For a start, Angela Merkel, who may have gone on record yesterday to say that she supports raising the bailout fund to 700bn euros – but certainly not anything approaching 1tn euros. And Merkel’s strategy would be rather different to the OECD’s – her (rather complex) approach would be to avoid including existing bailout loans in the new bailout agency being established at the moment, which will create an illusion that Germany isn’t putting any more taxpayers’ money into bailouts. It’s all a bit confusing.
The problem is that economists reckon nations like Spain and Italy may yet need a bailout. Just last month, for example, Spain admitted that it would miss a deficit target set for it by Brussels of 4.4% of GDP – while the Bank of Spain reckons its economy will shrink by 1.5% in 2012. So you can see where the OECD’s coming from: if the likes of Spain did require a bailout, it would need far more than the 500bn euros currently in Europe’s bailout pot.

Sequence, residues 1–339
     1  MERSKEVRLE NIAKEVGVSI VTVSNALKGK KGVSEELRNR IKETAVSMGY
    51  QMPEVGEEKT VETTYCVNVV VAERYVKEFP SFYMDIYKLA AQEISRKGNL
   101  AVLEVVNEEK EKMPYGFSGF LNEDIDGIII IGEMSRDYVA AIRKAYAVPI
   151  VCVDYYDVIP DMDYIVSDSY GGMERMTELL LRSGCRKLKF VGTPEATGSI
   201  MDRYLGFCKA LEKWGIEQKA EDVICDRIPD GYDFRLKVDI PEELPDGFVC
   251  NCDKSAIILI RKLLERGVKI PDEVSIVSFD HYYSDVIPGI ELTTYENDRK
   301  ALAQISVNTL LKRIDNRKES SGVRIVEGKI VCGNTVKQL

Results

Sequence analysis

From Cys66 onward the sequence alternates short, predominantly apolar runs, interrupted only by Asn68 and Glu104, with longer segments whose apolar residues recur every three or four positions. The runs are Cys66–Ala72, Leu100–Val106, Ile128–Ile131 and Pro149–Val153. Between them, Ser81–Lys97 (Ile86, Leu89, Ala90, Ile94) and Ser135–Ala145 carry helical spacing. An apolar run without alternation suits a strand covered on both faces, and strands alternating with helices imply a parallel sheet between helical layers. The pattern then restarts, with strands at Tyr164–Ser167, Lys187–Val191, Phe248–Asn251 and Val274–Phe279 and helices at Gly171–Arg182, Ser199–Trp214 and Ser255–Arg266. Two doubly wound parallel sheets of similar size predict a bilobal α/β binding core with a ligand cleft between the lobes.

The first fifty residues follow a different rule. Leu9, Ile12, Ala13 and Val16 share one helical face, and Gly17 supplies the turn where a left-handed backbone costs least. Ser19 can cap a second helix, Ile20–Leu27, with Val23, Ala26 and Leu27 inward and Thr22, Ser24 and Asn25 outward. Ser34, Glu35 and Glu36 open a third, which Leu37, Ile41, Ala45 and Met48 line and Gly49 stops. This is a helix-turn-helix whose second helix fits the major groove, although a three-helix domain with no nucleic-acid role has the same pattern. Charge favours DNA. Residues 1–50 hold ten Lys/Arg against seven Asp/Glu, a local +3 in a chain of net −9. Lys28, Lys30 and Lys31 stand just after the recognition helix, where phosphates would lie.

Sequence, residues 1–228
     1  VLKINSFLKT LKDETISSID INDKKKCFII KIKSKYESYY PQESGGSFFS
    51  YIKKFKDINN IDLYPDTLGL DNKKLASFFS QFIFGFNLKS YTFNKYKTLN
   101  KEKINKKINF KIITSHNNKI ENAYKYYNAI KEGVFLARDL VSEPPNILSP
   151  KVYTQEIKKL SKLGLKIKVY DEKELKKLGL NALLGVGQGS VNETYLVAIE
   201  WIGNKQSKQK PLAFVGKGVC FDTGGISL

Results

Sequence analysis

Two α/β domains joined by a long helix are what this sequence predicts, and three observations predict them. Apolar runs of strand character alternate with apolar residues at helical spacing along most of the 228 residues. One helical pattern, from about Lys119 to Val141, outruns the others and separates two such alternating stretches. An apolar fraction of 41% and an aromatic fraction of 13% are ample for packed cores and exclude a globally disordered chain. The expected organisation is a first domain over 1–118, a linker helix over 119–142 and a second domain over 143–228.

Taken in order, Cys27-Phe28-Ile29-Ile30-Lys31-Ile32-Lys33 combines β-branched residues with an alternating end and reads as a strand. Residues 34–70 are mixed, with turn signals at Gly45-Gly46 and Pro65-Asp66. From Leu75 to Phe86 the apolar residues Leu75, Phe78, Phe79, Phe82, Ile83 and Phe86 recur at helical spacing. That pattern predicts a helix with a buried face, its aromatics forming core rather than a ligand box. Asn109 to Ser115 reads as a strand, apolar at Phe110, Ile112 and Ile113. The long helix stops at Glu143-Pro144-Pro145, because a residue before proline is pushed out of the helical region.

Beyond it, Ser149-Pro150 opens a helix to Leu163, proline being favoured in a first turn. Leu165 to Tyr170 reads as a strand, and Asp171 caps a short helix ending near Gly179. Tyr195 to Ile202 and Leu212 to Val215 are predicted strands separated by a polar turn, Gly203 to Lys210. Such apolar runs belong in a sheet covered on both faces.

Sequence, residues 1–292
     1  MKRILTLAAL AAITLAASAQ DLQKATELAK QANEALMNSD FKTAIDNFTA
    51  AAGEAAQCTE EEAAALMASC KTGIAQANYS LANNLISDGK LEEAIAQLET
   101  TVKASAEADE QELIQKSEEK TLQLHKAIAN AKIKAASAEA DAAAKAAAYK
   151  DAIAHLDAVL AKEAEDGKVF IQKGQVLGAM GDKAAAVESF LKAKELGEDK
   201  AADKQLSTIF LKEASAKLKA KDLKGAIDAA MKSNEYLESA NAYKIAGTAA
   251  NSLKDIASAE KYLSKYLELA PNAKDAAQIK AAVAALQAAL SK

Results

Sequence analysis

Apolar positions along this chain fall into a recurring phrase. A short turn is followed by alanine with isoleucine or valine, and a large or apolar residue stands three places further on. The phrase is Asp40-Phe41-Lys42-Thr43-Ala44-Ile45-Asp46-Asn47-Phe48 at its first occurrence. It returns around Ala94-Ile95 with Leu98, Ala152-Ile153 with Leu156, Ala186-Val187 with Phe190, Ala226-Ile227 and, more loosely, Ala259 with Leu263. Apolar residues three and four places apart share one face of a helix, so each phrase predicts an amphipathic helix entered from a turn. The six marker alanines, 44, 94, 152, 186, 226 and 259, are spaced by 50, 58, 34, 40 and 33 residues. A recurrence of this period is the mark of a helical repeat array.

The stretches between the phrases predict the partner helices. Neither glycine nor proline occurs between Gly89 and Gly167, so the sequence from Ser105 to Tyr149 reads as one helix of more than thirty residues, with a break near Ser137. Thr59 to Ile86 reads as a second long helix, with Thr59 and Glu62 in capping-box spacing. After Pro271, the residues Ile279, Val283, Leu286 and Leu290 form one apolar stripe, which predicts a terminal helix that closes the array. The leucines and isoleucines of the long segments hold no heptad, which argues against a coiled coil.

Which brings us neatly to the second lot to be upset at the OECD’s recommendations: Greece, Ireland, Portugal, Spain and Italy – in short, anyone who has had, or might need, a bailout. The report specifically excluded them from the list of those who can afford a bit of breathing space on the fiscal consolidation front. In fact, it pointed out that Spain and Italy should actually be prepared to investigate further consolidation measures if they need to. Which will go down like a lead balloon with the leaders of those countries.
Still, at least the likes of the G20 and the IMF will be on their side: judging by comments from both groups, they’re very much on the side of adding more to the bailout fund. Unfortunately, though, any move like that will require approval from – you guessed it, Germany. The problem is that she is potentially leading Europe into 20 years of stagnation. You can't fight entropy - it'll get you in the end.